[Chapter 2, note 9, of the author's Carlyle and the Search for Authority, which the Ohio State University Press published in 1991. It appears in the Victorian web with the kind permission of the author, who of course retains copyright. indicates a link to material not in the original print version. GPL]

In addition to the biographical and fictional narratives Carlyle used as resources for his construction of Teufelsdröckh's career, he undoubtedly drew on Wilhelm Meister, in which the father/son relationship anticipates Sartor Resartus in a number of ways. Wilhelm comes into conflict with his father over his career, Wilhelm wishing to study art instead of going into commerce like his father. Wilhelm's father had sold off his own father's collection of art, including a painting of a king's son dying of love for the father's bride. (Similarly, Schiller's Don Carlos — a play concerned with monarchical authority involves a father who condemns his son to death and marries his son's beloved, turning his Garden of Eden into a desert of despair [LS, 64]). While on his journey, Wilhelm is introduced to the works of Shakespeare, who becomes his substitute father, and inevitably becomes obsessed with the play that revolves around the relationship of father and son, Hamlet (1: 244). Finally, the death of Wilhelm's father frees him to commit himself to art and the search for knowledge, and Wilhelm reaches an important stage when he recognizes in himself the father of Felix and adopts Mignon as his daughter.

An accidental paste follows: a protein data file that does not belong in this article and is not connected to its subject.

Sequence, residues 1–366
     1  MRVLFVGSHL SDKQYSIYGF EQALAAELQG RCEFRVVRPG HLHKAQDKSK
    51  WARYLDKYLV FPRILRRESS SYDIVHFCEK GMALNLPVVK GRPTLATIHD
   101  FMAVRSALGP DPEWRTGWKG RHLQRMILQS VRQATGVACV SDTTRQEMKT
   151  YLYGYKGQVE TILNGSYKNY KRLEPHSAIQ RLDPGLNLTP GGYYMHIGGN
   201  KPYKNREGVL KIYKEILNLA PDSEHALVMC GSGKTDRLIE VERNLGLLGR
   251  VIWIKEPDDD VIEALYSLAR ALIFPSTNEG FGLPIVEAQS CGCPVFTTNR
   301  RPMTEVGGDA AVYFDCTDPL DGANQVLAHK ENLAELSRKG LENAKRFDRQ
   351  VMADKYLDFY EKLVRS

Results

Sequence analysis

Contents last modified 5 October 2001